For Kill Team Aguillar, They would be joined by five Bikers in order to intercept any Speed Freakz the enemy might be employing. They can, if they want, use Combat Squads to detach from the Veterans and act alone. I also think this also makes a lot of sense against Orks because they can fall back and still charge which allows them to push through enemy lines. Their twin boltguns also gives them access to the Special Issue Ammunition. Since these bikes are also Troops, they also get the Defenders of Humanity ability which helps them score Objectives.

Flexibility

Even though Kill Team Aguillar was designed to fight Orks, you can see where it would be very good against any other infantry threat. They’re still highly trained (read: psychologically indoctrinated) with all the tools they need to fight other species. For example, this Kill Team can still use the Synaptic Severance stratagem in to target synapse creatures with their hail of dakka and use that in conjunction with Vengeance Rounds to improve the AP, and Purgatus Tactics to reroll 1s to wound against HQs. Who needs Lascannons?

Now, you can go through and work on another team, this time focusing on monsters, vehicles, or characters. Play a few games with your first few teams. This will help you decide what you want to either create for a different team or add to these existing ones.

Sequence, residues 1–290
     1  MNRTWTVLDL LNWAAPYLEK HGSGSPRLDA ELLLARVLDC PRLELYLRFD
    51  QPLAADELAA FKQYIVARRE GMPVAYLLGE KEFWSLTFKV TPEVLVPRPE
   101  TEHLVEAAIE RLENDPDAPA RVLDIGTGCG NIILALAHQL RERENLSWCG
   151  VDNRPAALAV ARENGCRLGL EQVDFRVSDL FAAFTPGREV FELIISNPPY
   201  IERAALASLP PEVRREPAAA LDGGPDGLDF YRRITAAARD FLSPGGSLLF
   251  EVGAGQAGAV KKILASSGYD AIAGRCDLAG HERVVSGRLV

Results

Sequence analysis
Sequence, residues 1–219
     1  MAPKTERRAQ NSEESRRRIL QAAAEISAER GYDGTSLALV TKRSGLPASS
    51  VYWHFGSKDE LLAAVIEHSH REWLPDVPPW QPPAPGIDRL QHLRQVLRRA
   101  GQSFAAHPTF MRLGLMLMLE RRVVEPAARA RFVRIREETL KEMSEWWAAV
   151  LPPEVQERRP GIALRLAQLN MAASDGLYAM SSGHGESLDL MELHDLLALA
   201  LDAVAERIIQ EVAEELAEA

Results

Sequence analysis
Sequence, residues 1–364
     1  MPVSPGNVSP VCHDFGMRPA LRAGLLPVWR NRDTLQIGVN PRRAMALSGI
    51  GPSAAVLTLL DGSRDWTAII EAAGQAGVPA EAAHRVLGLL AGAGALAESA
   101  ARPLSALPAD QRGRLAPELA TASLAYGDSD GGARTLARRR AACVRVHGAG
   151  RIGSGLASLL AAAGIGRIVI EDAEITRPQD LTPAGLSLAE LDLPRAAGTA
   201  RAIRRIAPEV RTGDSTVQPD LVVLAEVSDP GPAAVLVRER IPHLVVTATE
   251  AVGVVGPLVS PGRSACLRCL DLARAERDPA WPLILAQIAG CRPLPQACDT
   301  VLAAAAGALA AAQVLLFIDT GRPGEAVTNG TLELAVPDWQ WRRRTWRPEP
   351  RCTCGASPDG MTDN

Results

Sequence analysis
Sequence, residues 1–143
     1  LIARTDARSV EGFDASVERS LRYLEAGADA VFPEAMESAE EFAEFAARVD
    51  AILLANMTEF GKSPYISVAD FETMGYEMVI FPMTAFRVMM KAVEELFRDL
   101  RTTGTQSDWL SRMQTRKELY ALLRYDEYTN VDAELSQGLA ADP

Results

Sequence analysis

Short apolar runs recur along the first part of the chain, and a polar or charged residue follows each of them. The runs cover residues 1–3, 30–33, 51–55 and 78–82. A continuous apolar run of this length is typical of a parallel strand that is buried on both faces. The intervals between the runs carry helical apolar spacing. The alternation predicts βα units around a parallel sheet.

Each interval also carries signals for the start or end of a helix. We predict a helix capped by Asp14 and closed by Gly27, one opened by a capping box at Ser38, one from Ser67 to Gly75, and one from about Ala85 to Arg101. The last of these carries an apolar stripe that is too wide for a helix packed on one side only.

Again, don’t let all the options get you in a tizzy. If you keep each individual team’s story in mind, the choices you make will inform themselves. Remember, this is narrative gaming.

Conclusions

The Deathwatch Codex does exactly what it implies it ought to do — it allows you to build a hyper-elite force of Astartes which can eliminate threats with laser-focused efficiency. This is in total alignment with the Deathwatch narrative and, therefore, lives up to that promise.

From a narrative perspective, this book is probably almost everything it should have been. The stratagems such as Death to the Alien! and Decapitation Doctrine, as well as all the faction-specific ones really make you feel like you’re playing an army of Deathwatch and not just another flavour of Space Marines.